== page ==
New possibility for Chicago Ward Redistricting surfaces


It appears doubtful that chairman of Chicago City Council's Committee on Rules and Ethics, 33rd Ward Alderman Richard Mell, will introduce the new Chicago ward map to the floor of City Council on Wed., Dec. 14, though it should have been introduced by Dec. 1. Several aldermen, however, are working on a new redistricting map--one for 35 instead of 50 wards.

For months there have been meeting after meeting, behind closed doors and in public forums. Aldermen have shuffled in and out of the "map room" to make sure no one has adjusted their boundaries or to readjust them because another part of their ward has been claimed. Negotiation after negotiation has fallen apart. Boundaries look less symmetrical then teeth on a rip saw blade. Logical squared-off boundaries appear to be totally unacceptable. An entire ward is to be moved from the south to the north side of the city and the list goes on.

Tired and no doubt frustrated by the continual jostling for turf that is going nowhere, a group of aldermen including Scott Waguespack, 32nd Ward, decided to look at a new solution by reducing the number of wards. There is some historic precedent.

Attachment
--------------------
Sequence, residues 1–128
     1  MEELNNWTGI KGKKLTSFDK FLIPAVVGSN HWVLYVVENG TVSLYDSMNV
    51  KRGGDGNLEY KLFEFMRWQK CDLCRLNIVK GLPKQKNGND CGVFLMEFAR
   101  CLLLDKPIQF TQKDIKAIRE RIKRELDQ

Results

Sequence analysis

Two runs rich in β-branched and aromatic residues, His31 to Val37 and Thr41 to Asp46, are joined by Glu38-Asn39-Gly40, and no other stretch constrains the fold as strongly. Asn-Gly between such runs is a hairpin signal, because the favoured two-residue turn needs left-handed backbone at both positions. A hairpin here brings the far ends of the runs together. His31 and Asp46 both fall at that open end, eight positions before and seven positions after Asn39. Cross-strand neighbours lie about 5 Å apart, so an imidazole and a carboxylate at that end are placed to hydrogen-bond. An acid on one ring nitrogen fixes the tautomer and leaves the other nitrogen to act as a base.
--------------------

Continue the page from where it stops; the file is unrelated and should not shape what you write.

When Chicago incorporated as a City in 1837 there were six wards created. As the population increased the ward count increased to 35 by 1889. For the most part, except for two wards, there were two aldermen per ward until 1923. At that point, the count of aldermen per ward went to one as the number of wards increased to 50.






Post new comment

The content of this field is kept private and will not be shown publicly.
  • Web page addresses and e-mail addresses turn into links automatically.
  • Insert images and media with <pp_img> or <pp_media>. See formatting options for syntax.

More information about formatting options